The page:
Why the Triumph TR6 Is Collectable
Photography by Josh Clason for Petrolicious
The Collector is a weekly series produced in association with Gear Patrol, where we discuss the car, and Gear Patrol discusses the essential gear inspired by the car. (Click here to see the rest of The Collector Series on Petrolicious.)
Although sharing a name with the motorcycle manufacturer, British firm Triumph Motors used to make some highly desirable sports cars, with the TR6 being one of the company’s most famous creations.
Launched in 1969, the Triumph TR6 shares a lot with it’s predecessors, the TR4 and TR5, and despite being mechanically almost identical to the TR5, the TR6 is quite a different-looking car. The TR4 and TR5 were designed by prolific designer, Giovanni Michelotti, however the TR6 was restyled by German firm, Karmann.
This car was built when Triumph was part of British Leyland, a giant, partially nationalized auto conglomerate, best known for making a mess of classic British marques like Jaguar, MG and ultimately, Triumph.
Beauty is in the eye of the beholder, and it’s personal preference on what model is deemed to be the prettiest, but typically, the consensus sways towards the TR4/5 being more desirable, also due to their rarity, thus reflected by the price tags they now command.
The TR6 is not just a great car, but a sound investment, as they are still relatively cheap and haven’t found their value in the market yet. There’s also a thriving community online for parts and advice, so if you’re considering something to both enjoy and tinker with, the TR6 may be the perfect car for you.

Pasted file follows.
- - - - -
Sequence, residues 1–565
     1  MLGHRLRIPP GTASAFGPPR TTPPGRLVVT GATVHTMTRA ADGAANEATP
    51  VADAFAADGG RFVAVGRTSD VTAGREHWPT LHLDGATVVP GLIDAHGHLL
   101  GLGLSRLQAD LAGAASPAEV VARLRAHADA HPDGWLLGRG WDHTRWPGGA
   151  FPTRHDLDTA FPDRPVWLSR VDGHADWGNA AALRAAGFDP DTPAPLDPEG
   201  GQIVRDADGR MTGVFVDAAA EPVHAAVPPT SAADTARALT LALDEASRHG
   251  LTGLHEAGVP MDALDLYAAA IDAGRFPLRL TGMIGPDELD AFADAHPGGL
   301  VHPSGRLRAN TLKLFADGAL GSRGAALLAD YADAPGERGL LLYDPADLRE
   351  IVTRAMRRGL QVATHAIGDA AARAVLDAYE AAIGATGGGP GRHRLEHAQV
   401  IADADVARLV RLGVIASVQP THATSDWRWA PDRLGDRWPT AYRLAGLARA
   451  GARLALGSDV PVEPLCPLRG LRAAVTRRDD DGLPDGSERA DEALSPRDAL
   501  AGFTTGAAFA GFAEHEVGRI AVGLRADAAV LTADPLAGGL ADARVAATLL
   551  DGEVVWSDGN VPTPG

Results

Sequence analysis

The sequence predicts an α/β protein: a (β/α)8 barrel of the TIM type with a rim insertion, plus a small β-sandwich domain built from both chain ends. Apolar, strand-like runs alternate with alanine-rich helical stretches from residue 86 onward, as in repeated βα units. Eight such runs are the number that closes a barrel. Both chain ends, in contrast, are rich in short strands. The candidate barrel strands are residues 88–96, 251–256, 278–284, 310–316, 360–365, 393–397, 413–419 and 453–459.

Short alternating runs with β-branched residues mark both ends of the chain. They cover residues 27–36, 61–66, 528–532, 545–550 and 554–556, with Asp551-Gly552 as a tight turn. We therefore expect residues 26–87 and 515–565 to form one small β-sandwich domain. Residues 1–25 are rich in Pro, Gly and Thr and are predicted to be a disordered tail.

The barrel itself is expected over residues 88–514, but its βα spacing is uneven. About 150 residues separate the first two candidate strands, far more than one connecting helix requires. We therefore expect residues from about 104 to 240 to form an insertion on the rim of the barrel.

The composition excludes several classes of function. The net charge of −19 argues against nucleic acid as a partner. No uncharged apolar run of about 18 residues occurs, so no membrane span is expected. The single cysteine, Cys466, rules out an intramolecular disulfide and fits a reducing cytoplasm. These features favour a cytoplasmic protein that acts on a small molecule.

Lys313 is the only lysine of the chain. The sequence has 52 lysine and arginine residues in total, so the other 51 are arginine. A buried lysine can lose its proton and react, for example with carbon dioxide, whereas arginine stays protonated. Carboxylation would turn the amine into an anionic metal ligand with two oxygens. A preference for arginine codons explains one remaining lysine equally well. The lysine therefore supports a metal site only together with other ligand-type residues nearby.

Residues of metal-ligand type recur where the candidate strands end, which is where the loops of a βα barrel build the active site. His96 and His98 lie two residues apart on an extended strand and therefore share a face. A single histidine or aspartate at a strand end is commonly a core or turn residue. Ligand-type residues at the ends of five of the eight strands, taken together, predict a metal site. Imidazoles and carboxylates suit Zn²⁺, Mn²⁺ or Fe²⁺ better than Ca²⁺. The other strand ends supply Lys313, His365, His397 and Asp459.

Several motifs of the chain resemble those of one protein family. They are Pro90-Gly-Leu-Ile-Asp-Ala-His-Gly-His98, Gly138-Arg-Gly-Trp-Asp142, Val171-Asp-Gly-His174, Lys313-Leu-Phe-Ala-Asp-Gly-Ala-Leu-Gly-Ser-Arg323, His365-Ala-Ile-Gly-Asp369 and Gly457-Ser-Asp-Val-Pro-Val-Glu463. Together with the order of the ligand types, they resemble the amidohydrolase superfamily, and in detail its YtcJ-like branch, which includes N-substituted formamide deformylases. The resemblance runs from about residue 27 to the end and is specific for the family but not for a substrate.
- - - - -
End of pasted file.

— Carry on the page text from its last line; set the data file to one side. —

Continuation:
In total, 94,619 TR6’s were produced, helped majorly by strong sales in America. There were a few subtle differences between the European & American version of the cars, most notably the Lucas mechanical fuel injection system for Europe that often proved troublesome, contrasting with the far more reliable (but less powerful) carbureted version for America.
All cars featured a 2.5 liter straight-six, coupled to a 4 speed manual transmission with an option for overdrive, capable of accelerating from 0-60 mph in 8.2 seconds, with an alleged top speed of 120mph (UK version).
The TR6 also featured semi-trailing arm independent rear suspension, rack and pinion steering and 15-inch wheels covering discs on the front and drums at the back. Factory options included a rear anti-roll bar and a limited slip differential. A factory steel hardtop was also optional, requiring two people to fit it. The TR6 was also well trimmed and came with pile carpet on the floors and trunk, bucket seats, and a full complement of instrumentation on a handsome plywood/veneer dashboard.
The TR6 enjoyed a reasonable production run, lasting seven years, ending in 1976 and being replaced by the TR7. It’s successor however was not seen to be quite as desirable, with it’s shape and lines controversial from the start.
Thank you to owner Robert Tyler for allowing us to photograph his 1976 Triumph TR6.
HIP TO BE SQUARE
Though most of the bodywork from the TR6 is the same as the older TR5 car, the squaring off of the front and rear fascias made all the difference for the the revised car and its grand sales success for British Leyland. Gone was the protruding, closely-set bug-eyed headlights and the slim vertical taillights, replaced by more aggressive and masculine changes like the wider grille flanked by round headlights set into the front quarter panels and wraparound rectangular taillights. Gone was the “British dandy” appearance, replaced by a look that captured just the right amount of sophisticated muscle.
Written by Amos Kwon of Gear Patrol